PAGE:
By Glenn Kessler
Washington Post Staff Writer
Monday, February 23, 2009
BEIJING, Feb. 22 -- Hillary Rodham Clinton's blunt and unadorned style of diplomacy has been evident throughout her first trip as secretary of state the past week in Asia. She questioned the efficacy of sanctions against the repressive junta in Burma, spoke openly about a possible succession crisis in North Korea and admitted that she expected to make little progress on human rights in China.
To a certain extent, these comments crossed taboo lines in international diplomacy. U.S. officials generally do not say their sanctions have failed, or speculate about the future government of another country, or suggest that a carefully watched human rights dialogue is largely a farce.
Clinton's willingness to speak frankly -- combined with an extensive effort to get beyond ministerial meetings in order to hold town hall meetings and conduct local television interviews in the countries she visits -- suggests she will put a distinctive personal stamp on the Obama administration's foreign policy. What is emerging is something less rigid, less cautious and more open.
Before her meetings in Beijing, for instance, Clinton said she would raise human rights issues with Chinese officials, "but we pretty much know what they're going to say."
Clinton's comments have stirred outrage in the human rights community, where she was viewed as a hero for having confronted the Chinese government in 1995 over its record. Activists say that without public, sustained international pressure on human rights issues, nothing will change in China.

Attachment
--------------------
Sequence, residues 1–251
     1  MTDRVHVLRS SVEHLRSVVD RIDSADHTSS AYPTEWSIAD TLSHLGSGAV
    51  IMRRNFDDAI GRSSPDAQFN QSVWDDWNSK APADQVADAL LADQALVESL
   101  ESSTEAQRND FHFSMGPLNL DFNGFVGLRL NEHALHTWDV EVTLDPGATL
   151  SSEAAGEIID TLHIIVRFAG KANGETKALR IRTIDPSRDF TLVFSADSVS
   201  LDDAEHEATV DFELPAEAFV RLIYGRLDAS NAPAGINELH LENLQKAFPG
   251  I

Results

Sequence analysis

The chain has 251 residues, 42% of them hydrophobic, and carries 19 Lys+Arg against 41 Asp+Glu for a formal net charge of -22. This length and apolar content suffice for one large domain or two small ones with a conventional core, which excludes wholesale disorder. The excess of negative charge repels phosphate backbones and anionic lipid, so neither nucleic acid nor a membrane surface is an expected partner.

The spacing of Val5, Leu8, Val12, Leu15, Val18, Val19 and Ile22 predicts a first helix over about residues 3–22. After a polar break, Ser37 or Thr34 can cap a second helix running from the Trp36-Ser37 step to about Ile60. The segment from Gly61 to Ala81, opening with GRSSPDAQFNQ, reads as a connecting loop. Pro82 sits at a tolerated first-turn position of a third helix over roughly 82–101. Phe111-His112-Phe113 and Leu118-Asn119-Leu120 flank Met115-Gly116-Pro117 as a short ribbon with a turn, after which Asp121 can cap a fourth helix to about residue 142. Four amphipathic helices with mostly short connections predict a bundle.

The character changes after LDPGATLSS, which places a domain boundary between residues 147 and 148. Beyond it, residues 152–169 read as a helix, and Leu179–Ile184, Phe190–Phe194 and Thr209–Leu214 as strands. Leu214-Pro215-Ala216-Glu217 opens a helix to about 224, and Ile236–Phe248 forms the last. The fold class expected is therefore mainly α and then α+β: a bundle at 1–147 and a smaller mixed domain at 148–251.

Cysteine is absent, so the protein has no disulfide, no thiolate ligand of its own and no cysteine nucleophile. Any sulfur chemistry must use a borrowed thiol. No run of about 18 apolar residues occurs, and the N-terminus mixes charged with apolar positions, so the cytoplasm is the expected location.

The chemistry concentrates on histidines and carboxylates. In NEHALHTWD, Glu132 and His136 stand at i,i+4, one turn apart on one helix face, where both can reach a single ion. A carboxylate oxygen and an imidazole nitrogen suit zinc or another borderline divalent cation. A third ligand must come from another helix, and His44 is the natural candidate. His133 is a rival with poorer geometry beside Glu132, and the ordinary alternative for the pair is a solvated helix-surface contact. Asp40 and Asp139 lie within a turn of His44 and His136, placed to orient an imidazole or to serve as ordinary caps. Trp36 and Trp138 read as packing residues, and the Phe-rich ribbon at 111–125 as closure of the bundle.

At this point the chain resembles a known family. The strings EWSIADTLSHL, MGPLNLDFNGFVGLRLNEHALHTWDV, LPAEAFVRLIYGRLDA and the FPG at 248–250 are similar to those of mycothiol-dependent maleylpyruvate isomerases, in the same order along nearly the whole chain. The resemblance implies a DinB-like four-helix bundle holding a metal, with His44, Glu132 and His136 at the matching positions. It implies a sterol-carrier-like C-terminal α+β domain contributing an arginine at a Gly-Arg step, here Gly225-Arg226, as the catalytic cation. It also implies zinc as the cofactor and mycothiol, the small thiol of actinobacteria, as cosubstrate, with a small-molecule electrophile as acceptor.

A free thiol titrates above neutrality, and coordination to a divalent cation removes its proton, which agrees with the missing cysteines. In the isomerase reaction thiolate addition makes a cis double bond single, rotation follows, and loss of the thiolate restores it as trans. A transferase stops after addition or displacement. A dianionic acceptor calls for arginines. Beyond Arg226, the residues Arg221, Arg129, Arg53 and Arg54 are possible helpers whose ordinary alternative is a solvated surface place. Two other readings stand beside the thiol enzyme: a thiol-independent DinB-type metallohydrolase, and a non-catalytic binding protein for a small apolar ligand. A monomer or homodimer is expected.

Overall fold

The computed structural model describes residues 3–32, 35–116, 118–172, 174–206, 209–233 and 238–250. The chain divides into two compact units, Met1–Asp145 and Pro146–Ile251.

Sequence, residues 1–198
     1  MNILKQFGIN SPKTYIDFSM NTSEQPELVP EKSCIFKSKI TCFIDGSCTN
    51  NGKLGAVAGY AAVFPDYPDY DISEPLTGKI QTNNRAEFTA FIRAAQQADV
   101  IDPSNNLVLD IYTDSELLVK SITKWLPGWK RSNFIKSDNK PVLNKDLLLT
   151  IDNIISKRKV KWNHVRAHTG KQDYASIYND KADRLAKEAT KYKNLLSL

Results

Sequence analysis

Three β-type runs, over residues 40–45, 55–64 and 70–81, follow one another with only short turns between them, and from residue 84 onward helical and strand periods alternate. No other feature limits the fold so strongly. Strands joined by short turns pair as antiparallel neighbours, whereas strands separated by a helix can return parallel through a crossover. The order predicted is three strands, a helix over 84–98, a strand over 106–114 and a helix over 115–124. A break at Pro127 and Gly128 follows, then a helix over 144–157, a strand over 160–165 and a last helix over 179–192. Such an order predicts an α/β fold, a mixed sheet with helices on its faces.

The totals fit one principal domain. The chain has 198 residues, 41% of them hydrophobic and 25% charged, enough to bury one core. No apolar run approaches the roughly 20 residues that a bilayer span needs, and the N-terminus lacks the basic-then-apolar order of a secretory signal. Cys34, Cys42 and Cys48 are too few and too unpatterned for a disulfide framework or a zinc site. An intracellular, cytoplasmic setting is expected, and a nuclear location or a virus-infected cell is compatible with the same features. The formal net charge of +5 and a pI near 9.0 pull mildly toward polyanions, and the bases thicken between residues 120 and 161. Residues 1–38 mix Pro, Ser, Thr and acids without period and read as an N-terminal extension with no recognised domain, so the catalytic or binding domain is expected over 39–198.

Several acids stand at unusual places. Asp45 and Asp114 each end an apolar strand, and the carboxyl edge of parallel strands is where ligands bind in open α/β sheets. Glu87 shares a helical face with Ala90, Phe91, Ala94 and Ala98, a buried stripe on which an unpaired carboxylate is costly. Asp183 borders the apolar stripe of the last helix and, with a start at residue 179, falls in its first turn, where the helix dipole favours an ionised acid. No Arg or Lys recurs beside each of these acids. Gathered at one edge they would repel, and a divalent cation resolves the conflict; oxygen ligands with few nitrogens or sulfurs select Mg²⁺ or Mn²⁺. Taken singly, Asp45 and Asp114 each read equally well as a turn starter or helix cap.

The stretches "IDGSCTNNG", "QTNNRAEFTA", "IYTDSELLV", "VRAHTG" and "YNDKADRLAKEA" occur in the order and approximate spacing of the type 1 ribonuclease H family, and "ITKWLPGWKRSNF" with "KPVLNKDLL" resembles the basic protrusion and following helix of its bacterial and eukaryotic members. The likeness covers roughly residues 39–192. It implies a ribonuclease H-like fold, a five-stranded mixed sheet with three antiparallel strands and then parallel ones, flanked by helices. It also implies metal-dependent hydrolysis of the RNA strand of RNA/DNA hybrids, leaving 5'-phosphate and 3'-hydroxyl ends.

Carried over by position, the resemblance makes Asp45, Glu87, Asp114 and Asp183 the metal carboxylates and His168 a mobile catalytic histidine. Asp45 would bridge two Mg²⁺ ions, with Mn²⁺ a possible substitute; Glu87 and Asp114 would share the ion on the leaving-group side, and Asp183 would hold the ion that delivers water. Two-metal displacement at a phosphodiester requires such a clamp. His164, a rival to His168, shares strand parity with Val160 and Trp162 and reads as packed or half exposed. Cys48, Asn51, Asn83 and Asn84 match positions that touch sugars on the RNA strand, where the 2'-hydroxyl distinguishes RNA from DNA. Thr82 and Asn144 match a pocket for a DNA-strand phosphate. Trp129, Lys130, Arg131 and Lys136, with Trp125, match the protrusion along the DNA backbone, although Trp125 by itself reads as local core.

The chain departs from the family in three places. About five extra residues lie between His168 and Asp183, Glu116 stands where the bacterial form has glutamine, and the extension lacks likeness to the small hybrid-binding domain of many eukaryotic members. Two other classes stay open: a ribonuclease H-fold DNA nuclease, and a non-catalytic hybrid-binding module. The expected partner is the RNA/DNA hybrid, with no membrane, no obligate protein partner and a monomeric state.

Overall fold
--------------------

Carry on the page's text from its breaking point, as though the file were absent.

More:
Clinton says she does not understand the fuss. In her view, speaking clearly -- and not obfuscating through diplomatic artifice -- helps enhance the policy, rather than undermine it.
"I think that to worry about something which is so self-evident is an impediment to clear thinking," Clinton told reporters traveling with her. "And I don't think it should be viewed as particularly extraordinary that someone in my position would say what's obvious."
Before leaving China on Sunday, Clinton wrapped up her week-long trip by visiting a state-sanctioned church and then meeting 23 women involved in legal, poverty and health-care organizations aimed at helping women and promoting gender equality.
Many of the women had previously met Clinton when she was the first lady or a senator. The one-hour session underscored Clinton's contention that working with such nongovernmental civic organizations can do as much to promote women's rights and human rights as does jawboning the Chinese government.
Gao Yaojie, an 82-year-old AIDS activist, told Clinton of being monitored and hassled by government agencies, declaring, "I am not afraid." But several others told the secretary of state that grass-roots organizations have grown fast and have had an increasing impact on Chinese society since they first met with her more than a decade ago.
In foreign policy circles, Clinton's remarks on human rights have stirred consternation that she is giving up possible leverage with China before any dialogue has begun. Others say that she is inviting criticism from Capitol Hill and human rights groups that undermines her ability as a diplomat.
But some experts have defended her, saying she should be commended for speaking frankly. The Bush administration was frequently criticized for having a hypocritical approach to human rights, claiming to promote freedom but treating differently friends and foes with similarly poor human rights records.